6. #21
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    lol (+4 chars)
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  7. #22
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    Most ads for programmers (or “software engineers”) will say “BSCS or equivalent required”. (BSCS = Batchelor of Science in Computer Science.) Even if the ad doesn’t say that, if the person screening the resumes doesn't see a degree mentioned, he/she will probably toss it into the “no” pile without reading the whole thing. It is VERY difficult to get a job if you can’t even get-in for an interview! This wouldn’t be so bad if the high-tech industry was more stable… if you only had to find a job once… But, most of us in high-tech, have had to go look for a new job every few years.

    It’s not impossible without a degree. I work with a programmer now, who does not have a degree… I don’t think he has a high school diploma. This is VERY RARE. He’s a good programmer and a very bright dude, and he would probably be working somewhere else for two or three times the dough if he did have the degree. (And, I believe he has earned a salary of more than $100K in the past.)

    Many programmers have degrees in other fields. I have a programmer-friend who has a math degree, and another with a degree in physics.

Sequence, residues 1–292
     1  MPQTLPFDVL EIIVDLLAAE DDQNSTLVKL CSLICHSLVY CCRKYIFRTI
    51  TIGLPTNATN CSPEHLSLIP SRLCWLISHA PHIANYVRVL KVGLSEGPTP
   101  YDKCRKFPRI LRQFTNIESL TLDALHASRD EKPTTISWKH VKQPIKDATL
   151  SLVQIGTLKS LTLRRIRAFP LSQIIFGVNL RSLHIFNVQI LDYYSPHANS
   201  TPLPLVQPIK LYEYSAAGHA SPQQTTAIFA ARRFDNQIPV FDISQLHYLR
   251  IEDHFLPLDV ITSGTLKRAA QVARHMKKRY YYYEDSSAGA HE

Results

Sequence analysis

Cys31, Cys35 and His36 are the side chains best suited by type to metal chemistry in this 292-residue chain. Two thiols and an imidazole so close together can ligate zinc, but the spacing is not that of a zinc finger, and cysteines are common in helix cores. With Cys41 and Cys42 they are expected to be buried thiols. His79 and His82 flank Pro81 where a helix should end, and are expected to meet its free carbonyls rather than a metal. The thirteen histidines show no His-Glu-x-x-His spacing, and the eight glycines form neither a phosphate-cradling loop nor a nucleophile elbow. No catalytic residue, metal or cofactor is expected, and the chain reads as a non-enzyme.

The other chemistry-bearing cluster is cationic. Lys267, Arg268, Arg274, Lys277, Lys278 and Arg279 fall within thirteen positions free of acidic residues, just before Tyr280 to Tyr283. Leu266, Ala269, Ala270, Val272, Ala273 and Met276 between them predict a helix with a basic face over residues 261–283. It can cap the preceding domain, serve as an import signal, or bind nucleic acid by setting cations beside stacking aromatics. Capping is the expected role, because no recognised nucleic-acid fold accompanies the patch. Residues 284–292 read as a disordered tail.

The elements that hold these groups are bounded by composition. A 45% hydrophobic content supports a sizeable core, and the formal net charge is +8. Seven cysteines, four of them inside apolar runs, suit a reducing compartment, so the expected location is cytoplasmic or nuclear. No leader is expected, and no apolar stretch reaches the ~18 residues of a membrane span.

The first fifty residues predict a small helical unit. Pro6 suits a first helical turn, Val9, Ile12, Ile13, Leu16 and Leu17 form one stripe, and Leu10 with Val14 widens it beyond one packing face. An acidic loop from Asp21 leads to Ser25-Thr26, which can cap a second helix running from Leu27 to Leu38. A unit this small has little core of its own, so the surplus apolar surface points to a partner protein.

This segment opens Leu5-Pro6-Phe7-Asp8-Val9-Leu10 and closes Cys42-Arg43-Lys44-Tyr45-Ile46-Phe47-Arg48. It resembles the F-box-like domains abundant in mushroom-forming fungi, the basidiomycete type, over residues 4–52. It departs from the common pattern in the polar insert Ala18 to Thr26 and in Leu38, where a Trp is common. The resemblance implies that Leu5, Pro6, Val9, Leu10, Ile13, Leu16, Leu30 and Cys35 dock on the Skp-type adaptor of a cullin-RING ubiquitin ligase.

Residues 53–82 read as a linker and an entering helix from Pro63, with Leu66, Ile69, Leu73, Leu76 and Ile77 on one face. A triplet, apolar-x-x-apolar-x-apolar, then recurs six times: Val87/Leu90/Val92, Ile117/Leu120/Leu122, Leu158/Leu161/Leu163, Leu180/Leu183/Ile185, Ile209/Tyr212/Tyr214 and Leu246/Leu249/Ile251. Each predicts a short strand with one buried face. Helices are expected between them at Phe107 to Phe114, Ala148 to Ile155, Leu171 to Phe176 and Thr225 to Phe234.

...that might be more expensive... for money reasons too...
    State universities are usually quite reasonable. It will cost you more to live (rent, food, etc.) than tuition and books. Washington State University costs about $6000 a year. San Jose State costs about half that (for California residents.). That’s not alot, when you consider how much more income the average CS graduate makes compared to the typical high school graduate.

    It can be difficult if you have to support yourself AND pay for you own education. Only the brightest individuals are able to work full-time and attend college full-time. Of course, there are student loans and financial aid available. Most students work part-time (if only a few hours), and most students get some financial aid and/or student loans. Some students work full-time and go to school part-time. I did that when I went back to get an MBA, and my sister is doing it now. Of course, it takes for-freeking-ever to graduate. I think, some (private?) universities do not allow part-time students.

    ...to see what i can get into...
    To get into any university, you’ll need above average grades and above-average SATs …unless you want to major in Sociology, Education, or Journalism. If you want to attend Stanford, MIT, or Cal Tech, you need the best grades in town, and the richest parents in town.

    I’m not sure how to research a school’s reputation, but I would want to know that the graduates were in high-demand… that they are finding it easy to get a job in the field. We can’t all go to Berkeley or Dartmouth, but we CAN avoid the little private for-profit “trade-schools” if they can’t prove that their graduates are getting jobs!!!

    Anything a little more starter friendly?
    Community colleges can be great, especially if you want to transfer to a university later. You have a good chance of getting an instructor who has a “day job” as a real programmer! If you do this, make sure to work closely with your counseler to make sure that you take classes that will transfer. Lots of students transfer to a 4-year college after 2 years of community college, only to find that they still have 3 years left!